Scientific Articles   |    
Spontaneous Dissociation of Offset, Face-Changing Polyethylene Liners from the Acetabular ShellA Report of Four Cases
Chancellor F. Gray, MD1; Ryan E. Moore, MD, PhD1; Gwo-Chin Lee, MD1
1 Department of Orthopaedic Surgery, Hospital of the University of Pennsylvania, 2 Silverstein Building, 3400 Spruce Street, Philadelphia, PA 19104. E-mail address for G. Lee: gwo-chin.lee@uphs.upenn.edu
View Disclosures and Other Information
  • Disclosure statement for author(s): PDF

Investigation performed at Penn Presbyterian Medical Center, Philadelphia, Pennsylvania

Disclosure: None of the authors received payments or services, either directly or indirectly (i.e., via his or her institution), from a third party in support of any aspect of this work. None of the authors, or their institution(s), have had any financial relationship, in the thirty-six months prior to submission of this work, with any entity in the biomedical arena that could be perceived to influence or have the potential to influence what is written in this work. Also, no author has had any other relationships, or has engaged in any other activities, that could be perceived to influence or have the potential to influence what is written in this work. The complete Disclosures of Potential Conflicts of Interest submitted by authors are always provided with the online version of the article.

Copyright © 2012 by The Journal of Bone and Joint Surgery, Inc.
J Bone Joint Surg Am, 2012 May 02;94(9):841-845. doi: 10.2106/JBJS.K.00506
5 Recommendations (Recommend) | 3 Comments | Saved by 3 Users Save Case



Dissociation of the polyethylene liner from the acetabular shell is an uncommon event. Offset, face-changing polyethylene liners theoretically increase femoral head coverage, allow for larger heads with smaller cup diameters, and offer improved stability without risk of impingement. However, we present four cases of liner dissociations from the acetabular shell that necessitated revision hip surgery.


Four patients with spontaneous dissociations of offset, face-changing polyethylene acetabular liners underwent revision hip arthroplasty between January 2007 and June 2010. All patients were women with an average age of fifty-three years. All cases involved the combination of a Pinnacle acetabular component with an offset, face-changing polyethylene liner. We reviewed the presenting signs and symptoms associated with liner dissociations and analyzed the radiographs for the acetabular component position.


All cases of liner dissociation occurred without direct trauma and were associated with squeaking sounds reported by the patient. The average cup abduction angle was 55° (range, 51° to 60°) and the average anteversion was 21.5° (range, 17° to 24°). Examination of the dissociated liners at the time of revision surgery revealed plastic deformation of the polyethylene liner rim posterosuperiorly at the eleven o’clock position on the right hip and the one o’clock position on the left hip.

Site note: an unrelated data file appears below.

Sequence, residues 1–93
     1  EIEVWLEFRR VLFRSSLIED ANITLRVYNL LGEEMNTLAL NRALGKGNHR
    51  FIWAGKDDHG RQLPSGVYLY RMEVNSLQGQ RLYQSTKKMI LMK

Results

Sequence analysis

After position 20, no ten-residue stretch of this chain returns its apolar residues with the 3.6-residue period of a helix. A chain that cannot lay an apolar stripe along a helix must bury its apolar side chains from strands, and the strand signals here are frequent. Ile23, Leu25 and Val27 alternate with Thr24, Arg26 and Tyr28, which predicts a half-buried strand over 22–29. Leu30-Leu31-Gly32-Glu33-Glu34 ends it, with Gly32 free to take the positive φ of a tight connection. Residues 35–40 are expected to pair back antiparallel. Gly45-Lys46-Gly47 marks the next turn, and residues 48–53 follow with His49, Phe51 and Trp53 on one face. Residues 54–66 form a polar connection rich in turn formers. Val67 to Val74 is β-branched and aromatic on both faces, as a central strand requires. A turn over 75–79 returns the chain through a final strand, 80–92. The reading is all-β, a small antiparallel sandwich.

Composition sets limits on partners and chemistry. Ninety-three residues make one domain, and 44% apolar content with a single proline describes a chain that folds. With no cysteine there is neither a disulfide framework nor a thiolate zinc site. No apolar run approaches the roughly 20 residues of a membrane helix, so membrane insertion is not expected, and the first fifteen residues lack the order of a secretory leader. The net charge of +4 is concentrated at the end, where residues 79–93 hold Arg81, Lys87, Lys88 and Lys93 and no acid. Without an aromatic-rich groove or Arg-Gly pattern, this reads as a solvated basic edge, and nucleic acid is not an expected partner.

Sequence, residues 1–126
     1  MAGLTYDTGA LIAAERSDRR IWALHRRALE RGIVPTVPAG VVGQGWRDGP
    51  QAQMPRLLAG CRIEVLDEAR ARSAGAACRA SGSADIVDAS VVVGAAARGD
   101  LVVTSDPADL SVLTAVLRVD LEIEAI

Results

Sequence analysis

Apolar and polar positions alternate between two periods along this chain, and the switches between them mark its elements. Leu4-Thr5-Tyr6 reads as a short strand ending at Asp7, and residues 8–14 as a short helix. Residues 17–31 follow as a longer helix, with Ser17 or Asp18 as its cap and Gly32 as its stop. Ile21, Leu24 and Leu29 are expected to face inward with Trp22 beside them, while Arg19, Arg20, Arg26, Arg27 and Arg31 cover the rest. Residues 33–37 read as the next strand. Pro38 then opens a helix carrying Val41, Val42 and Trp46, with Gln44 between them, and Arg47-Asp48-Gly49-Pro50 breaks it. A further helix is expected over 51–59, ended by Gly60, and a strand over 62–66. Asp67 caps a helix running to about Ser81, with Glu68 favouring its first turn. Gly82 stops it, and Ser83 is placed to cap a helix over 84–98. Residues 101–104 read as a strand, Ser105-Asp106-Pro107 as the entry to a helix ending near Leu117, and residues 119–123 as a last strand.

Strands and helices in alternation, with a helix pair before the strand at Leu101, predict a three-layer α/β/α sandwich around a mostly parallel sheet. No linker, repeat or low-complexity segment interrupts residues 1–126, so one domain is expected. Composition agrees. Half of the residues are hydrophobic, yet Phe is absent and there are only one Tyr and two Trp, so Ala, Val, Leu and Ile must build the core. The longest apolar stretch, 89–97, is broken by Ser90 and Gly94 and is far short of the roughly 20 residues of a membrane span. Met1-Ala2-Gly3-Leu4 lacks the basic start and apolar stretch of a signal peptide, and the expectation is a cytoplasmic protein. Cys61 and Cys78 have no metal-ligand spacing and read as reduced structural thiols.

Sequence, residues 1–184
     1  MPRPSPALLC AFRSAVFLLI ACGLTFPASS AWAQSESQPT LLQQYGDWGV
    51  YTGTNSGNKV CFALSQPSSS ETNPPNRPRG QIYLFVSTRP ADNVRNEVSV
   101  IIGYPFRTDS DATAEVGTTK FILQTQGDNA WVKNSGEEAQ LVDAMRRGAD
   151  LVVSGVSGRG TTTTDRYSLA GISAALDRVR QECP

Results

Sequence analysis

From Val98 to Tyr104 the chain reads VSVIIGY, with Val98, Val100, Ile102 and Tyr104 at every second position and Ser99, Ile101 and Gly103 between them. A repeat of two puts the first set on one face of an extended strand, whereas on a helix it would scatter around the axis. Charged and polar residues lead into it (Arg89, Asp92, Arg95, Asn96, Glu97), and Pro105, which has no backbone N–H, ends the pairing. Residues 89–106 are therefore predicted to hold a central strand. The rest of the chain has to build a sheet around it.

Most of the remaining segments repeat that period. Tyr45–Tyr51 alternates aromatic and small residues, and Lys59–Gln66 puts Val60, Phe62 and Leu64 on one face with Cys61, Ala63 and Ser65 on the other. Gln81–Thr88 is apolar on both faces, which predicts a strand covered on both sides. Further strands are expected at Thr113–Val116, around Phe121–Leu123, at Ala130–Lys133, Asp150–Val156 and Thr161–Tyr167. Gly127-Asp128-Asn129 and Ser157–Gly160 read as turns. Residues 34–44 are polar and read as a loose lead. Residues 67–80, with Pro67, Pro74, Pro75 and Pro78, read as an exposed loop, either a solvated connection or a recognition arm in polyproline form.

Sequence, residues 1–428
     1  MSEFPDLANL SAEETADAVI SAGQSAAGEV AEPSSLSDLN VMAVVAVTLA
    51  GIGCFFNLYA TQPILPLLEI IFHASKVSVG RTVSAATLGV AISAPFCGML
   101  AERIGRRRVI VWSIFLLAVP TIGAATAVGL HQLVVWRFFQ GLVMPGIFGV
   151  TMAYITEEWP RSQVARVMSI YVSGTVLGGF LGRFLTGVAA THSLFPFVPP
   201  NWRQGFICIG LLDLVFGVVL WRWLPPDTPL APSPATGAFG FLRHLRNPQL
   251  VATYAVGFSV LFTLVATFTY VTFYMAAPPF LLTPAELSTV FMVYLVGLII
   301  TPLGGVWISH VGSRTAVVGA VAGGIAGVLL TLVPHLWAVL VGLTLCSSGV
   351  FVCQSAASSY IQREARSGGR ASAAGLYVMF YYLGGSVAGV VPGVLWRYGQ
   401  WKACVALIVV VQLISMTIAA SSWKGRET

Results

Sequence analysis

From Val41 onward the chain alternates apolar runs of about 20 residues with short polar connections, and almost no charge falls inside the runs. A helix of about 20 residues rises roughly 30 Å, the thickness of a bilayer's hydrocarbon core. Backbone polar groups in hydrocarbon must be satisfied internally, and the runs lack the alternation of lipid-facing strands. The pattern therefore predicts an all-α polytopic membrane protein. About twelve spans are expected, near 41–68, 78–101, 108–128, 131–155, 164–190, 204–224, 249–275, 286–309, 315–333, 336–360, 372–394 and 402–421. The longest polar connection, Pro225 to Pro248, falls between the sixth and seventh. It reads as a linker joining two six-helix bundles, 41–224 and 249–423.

The combination of a vertically positioned acetabular component and an offset, face-changing liner resulted in impingement and dissociation of the liner from the shell in four patients. Proper acetabular component positioning, rather than the routine use of uniquely designed polyethylene liners, is critical to maximizing implant stability in total hip arthroplasty.

Level of Evidence: 

Therapeutic Level IV. See Instructions for Authors for a complete description of levels of evidence.

Figures in this Article
    Sign In to Your Personal ProfileSign In To Access Full Content
    Not a Subscriber?
    Get online access for 30 days for $35
    New to JBJS?
    Sign up for a full subscription to both the print and online editions
    Register for a FREE limited account to get full access to all CME activities, to comment on public articles, or to sign up for alerts.
    Register for a FREE limited account to get full access to all CME activities
    Have a subscription to the print edition?
    Current subscribers to The Journal of Bone & Joint Surgery in either the print or quarterly DVD formats receive free online access to JBJS.org.
    Forgot your password?
    Enter your username and email address. We'll send you a reminder to the email address on record.

    Forgot your username or need assistance? Please contact customer service at subs@jbjs.org. If your access is provided
    by your institution, please contact you librarian or administrator for username and password information. Institutional
    administrators, to reset your institution's master username or password, please contact subs@jbjs.org


    Accreditation Statement
    These activities have been planned and implemented in accordance with the Essential Areas and policies of the Accreditation Council for Continuing Medical Education (ACCME) through the joint sponsorship of the American Academy of Orthopaedic Surgeons and The Journal of Bone and Joint Surgery, Inc. The American Academy of Orthopaedic Surgeons is accredited by the ACCME to provide continuing medical education for physicians.
    CME Activities Associated with This Article
    Submit a Comment
    Please read the other comments before you post yours. Contributors must reveal any conflict of interest.
    Comments are moderated and will appear on the site at the discretion of JBJS editorial staff.

    * = Required Field
    (if multiple authors, separate names by comma)
    Example: John Doe

    Related Content
    The Journal of Bone & Joint Surgery
    JBJS Case Connector
    Related Audio and Videos
    PubMed Articles
    Clinical Trials
    Readers of This Also Read...
    JBJS Jobs
    LA - Louisiana State University Health Sciences Center-Shreveport
    CA - Mercy Medical Group
    WY - Memorial Hospital of Sweetwater County
    MA - Boston Medical Center and Boston University School of Medicine